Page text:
Friday, June 3, 2011

but the earth is still going round . . .

(This is part of a ongoing conversation with other green bloggers, hosted by Sara Allen's The Green)

Wind and water harvesting technology are probably at their maturity and won’t be the defining sources of alternative energy for the years to come. Even if we invent new distributed ways of capturing wind power and avoid the unpredictable pattern shift problem, we would still have to overcome the limited supply issue.

Hydro energy also comes with a host of problems and conflict of interests. Its benefits are still to be seen balanced against altering the natural landscapes. Water is also becoming scarce and may one day outpace the cost of energy per unit, making it economically discouraging to pursuit.

But I am hopeful to be wrong about wind and hydro-technology’s future evolutions.

Bio tech is interesting, but I think often we miss the point about bio-driven energy alternatives. We seem to always want to mess with nature instead of helping nature do its thing. Bio-ethics is something I have not yet explored, so I reserve the ranting and optimism for another day.

I have not yet changed my mind about our nuclear energy option. I maintain my defense of responsible nuclear energy because of its necessity and my optimism for the human race; I also defend our nuclear options only if we can reduce our consumption and eventually phase out risky operations. But I wouldn’t be qualified to tell you what “responsible nuclear energy options” may look like. There are much brighter MIT graduates with a basket full of hopes who can help you define those parameters. Some of them will have children that will fly spaceships to the outer reaches of our known Universe. Like I said, I am a Trekkie at heart.

I’d rather bet on fusion than fission and I’d like to go all-in if possible. We have a giant generator just about 93 million miles from us sending about 174 petawatts of energy to us. It’s about as safe as we can hope for and is as predictable as we would like. Poets and philosophers set maxims by its resolute presence. It may just prove to be our greatest potential for shifting our energy dependencies.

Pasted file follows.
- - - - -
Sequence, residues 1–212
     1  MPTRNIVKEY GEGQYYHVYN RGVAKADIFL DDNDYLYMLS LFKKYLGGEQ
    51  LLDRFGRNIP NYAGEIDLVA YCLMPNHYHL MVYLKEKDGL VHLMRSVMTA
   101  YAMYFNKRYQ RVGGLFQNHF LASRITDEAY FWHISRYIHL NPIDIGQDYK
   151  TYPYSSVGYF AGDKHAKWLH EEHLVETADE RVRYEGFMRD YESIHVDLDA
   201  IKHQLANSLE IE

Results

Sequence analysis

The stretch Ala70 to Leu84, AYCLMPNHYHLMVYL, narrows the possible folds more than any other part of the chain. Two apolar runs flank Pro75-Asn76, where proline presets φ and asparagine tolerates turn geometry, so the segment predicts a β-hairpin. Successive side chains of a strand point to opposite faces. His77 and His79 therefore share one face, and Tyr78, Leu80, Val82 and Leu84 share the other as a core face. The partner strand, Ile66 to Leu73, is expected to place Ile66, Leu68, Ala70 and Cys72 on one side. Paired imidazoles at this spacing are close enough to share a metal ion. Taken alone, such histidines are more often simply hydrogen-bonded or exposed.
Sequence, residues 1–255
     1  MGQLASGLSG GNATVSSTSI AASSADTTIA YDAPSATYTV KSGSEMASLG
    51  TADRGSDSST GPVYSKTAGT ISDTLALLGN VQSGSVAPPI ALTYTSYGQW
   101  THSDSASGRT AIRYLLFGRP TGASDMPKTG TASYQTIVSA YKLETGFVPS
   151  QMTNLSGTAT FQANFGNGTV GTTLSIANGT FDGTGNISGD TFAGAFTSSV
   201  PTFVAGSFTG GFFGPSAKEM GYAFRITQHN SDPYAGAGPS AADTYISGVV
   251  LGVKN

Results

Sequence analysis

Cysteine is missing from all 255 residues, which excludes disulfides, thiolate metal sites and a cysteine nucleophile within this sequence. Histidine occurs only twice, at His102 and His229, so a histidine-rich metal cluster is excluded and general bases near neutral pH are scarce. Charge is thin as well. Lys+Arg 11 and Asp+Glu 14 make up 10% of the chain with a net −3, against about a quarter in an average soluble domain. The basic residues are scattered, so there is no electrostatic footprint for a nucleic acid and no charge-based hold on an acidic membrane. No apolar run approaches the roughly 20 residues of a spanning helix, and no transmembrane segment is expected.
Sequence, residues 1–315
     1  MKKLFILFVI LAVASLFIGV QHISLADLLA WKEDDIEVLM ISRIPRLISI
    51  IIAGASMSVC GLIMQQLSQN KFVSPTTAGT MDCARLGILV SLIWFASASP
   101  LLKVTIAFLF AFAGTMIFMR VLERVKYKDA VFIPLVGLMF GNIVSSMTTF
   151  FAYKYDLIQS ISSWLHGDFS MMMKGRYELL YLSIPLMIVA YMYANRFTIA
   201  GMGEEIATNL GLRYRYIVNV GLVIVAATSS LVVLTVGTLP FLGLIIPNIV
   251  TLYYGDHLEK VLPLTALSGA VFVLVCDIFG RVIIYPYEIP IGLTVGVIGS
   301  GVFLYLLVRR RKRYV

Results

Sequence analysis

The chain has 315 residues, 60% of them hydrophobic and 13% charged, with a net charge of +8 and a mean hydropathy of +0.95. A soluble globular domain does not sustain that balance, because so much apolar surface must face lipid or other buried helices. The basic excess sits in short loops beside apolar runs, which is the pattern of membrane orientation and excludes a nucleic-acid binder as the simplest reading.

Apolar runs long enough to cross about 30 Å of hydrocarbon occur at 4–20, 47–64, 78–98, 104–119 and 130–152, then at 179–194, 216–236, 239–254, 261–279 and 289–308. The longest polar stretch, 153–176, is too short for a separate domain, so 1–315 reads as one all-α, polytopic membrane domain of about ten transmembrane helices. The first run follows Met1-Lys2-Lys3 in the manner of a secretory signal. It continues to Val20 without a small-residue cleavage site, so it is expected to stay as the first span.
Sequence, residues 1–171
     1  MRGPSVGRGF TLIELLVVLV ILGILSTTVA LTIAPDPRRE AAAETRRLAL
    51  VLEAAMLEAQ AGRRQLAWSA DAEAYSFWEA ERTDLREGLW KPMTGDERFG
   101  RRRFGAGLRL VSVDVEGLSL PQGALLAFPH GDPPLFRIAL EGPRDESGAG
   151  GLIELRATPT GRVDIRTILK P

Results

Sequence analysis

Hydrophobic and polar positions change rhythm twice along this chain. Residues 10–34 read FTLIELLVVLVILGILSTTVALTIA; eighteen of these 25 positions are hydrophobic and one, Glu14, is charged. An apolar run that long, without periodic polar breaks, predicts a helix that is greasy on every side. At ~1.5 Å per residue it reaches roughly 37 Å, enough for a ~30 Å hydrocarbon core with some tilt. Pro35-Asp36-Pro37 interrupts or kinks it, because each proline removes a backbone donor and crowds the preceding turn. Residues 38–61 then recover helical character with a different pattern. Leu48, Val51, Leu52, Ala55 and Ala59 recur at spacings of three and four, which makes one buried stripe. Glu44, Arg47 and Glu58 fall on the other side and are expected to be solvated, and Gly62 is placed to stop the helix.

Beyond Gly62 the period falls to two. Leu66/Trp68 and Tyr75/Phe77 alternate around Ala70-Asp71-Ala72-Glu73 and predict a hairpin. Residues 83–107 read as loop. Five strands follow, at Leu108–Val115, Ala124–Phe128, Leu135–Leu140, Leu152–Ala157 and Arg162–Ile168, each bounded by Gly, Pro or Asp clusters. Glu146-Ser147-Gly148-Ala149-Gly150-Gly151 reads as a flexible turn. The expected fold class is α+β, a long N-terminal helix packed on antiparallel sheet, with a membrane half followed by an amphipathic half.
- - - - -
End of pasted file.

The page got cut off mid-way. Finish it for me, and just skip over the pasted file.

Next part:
Making the bet, the cards are stacked. There are interesting solar capturing technology in development and testing. Solar panels are becoming more flexible, durable, and efficient. People are finding new ways of improving charging time and storage capacities, and I think a combination of investments to combine new durable and flexible panels with new storage capacities will yield significant economic incentives for the consumers to make the switch. This will drive down the investment cost. New venture funds are pouring into its research and developments already; I am hopeful that solar market will be globally linked, harvested, and distributed based on need. A solar net with a cloud based distribution computing may just be the efficiency standard of 3010. I look forward to the day when we as a specie, learn to harvest the power of the sun for the better of all life on earth.

"The atom bombs are piling up in the factories, the police are prowling through the cities, the lies are streaming from the loudspeakers but the earth is still going round the sun, and neither the dictators nor the bureaucrats, deeply as they disapprove of the process, are able to prevent it."  - George Orwell                                                                           

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